Posted on March 23, 2018 by Tia Lalani

Legalization is primarily about regulation and is central to a harm reduction approach to drug use, say UAlberta Augustana professors.

By Geraint Osborne and Tim Parker

Global marijuana march in Vancouver (2013). Photo courtesy of Cannabis Culture (flickr).

While the exact date is in question, it is certain that the Canadian government will legalize cannabis in the summer or fall of 2018. Polls suggest that the majority of Canadians support this initiative, although some remain adamantly opposed. Regardless of one’s position, it is clear that it will take a few years for Canadians to adjust to the legalized environment and the burgeoning cannabis industry, especially those working in law, mental health and education.

It is important to remember that legalization is primarily about regulation. Prohibition has been unsuccessful and governments and people have grown weary with the failed and dangerous war on drugs approach. Legalization will allow for the better control of cannabis, the most widely used illicit substance. Regulation is central to a harm reduction approach to drug use as it allows for the production and sale of a safer product, takes the product out of the hands of organized crime, reduces police corruption and channels tax money into health and education initiatives which are far more effective in reducing the harms associated with drug misuse.

As we learned from alcohol prohibition, where there is a demand there will be a supply. If we are going to reduce the harms associated with cannabis misuse, we are far better off addressing the demand side of the equation while we carefully control the supply side. We have made tremendous gains in combating tobacco smoking this way, not to mention the harms associated with alcohol misuse, such as drinking and driving. A legalized environment will also allow for the further study of cannabis, especially its effects on the brain and its consequences for mental health.

In addition to a general moral attitude that taking drugs should be discouraged, some cite the effect that cannabis has on our cognitive abilities as reasons for opposing its legalization. In particular, there is fear based on the findings that cannabis impairs driving and other tasks requiring coordination. It is true that cannabis does have this effect, and one of the issues arising from this is that, at present, there is no incontrovertible way to detect the presence of cannabis and establish the dose taken in impaired drivers. However, I think we can be confident that now that such a test will be very lucrative, one or more will soon be developed.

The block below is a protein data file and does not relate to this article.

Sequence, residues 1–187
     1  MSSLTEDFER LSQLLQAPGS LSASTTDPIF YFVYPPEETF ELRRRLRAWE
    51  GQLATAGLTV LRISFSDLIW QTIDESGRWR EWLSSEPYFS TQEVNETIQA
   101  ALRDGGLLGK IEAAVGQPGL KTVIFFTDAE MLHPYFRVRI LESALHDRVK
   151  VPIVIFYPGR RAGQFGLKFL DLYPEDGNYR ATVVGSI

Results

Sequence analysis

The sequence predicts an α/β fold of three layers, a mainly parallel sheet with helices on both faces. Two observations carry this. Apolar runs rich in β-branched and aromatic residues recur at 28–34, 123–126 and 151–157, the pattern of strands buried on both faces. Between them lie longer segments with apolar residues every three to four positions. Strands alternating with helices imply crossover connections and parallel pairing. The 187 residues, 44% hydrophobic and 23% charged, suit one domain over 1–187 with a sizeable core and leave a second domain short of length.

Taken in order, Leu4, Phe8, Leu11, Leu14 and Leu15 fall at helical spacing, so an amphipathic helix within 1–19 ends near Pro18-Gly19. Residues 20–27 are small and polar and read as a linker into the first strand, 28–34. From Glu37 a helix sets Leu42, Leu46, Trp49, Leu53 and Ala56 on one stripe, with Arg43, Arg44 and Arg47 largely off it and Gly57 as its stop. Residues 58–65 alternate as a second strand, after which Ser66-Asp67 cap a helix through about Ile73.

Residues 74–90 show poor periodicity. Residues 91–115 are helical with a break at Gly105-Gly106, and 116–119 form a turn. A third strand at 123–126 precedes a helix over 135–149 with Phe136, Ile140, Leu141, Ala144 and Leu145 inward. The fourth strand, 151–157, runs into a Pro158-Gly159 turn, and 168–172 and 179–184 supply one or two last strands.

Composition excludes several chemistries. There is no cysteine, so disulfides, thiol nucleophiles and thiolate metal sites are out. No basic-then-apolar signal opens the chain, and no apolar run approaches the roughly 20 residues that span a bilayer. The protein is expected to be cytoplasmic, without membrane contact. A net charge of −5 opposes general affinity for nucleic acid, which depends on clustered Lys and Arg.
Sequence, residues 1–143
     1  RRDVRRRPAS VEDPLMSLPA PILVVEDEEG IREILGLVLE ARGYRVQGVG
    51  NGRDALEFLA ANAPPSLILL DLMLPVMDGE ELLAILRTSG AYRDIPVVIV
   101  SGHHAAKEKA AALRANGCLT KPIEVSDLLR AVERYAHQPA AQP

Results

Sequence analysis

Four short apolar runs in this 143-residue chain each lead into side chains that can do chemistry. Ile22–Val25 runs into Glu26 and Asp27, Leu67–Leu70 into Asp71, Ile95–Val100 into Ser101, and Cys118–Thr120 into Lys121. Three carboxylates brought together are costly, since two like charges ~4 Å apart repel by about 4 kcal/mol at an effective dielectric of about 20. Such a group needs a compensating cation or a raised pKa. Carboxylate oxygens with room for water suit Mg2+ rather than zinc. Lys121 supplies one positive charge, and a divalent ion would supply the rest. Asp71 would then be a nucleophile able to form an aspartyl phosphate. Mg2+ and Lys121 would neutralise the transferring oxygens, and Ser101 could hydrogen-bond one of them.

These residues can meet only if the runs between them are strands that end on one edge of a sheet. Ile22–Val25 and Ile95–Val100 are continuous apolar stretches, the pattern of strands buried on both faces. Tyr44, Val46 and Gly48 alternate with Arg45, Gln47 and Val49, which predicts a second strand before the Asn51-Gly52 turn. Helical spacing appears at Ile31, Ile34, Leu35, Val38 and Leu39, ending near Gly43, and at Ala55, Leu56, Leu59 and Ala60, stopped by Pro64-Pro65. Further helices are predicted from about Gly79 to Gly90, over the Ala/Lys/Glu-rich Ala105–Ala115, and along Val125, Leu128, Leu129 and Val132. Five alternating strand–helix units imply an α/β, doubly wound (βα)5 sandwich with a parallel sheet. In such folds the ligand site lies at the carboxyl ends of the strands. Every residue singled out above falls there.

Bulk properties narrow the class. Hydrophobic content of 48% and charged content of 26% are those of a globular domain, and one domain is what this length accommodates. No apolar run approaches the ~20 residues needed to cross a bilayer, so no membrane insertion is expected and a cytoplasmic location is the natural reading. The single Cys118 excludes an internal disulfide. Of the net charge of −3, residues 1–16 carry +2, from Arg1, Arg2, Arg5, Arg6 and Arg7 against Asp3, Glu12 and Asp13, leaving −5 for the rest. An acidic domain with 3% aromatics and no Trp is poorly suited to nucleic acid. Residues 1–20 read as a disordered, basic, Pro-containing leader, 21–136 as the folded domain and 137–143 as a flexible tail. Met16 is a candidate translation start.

Opposition also arises because of the common conception that marijuana produces severe brain damage, a conception initially fostered by the anti-drug efforts in the 1940s in the USA, almost comically manifested in the famous film “Reefer Madness”. Much research has been done based on these dramatic but largely unsupported initial claims about the danger of cannabis. While the results are somewhat contradictory, there is no question that the amount of brain damage that has been reported is dwarfed by the catastrophic level of cell loss in the brain that occurs as a result of regular consumption of alcohol.

Indeed, as demonstrated by many studies, such as those by neuropsychopharmacologist David Nutt and his colleagues, while cannabis is not benign, it is less harmful to individuals and society than tobacco and alcohol. If harm alone was reason enough to criminalize a substance, then these would definitely have to be banned. But we don’t criminalize because we know that doing so would lead to far worse problems. It’s far better to control these substances and minimize their harms through other mechanisms. At the end of the day, drug misuse is a health and education problem, not a crime problem.

Geraint Osborne, Sociology and Tim Parker, Psychology, Augustana Campus, University of Alberta. This column originally appeared in the Camrose Booster on March 20, 2018.

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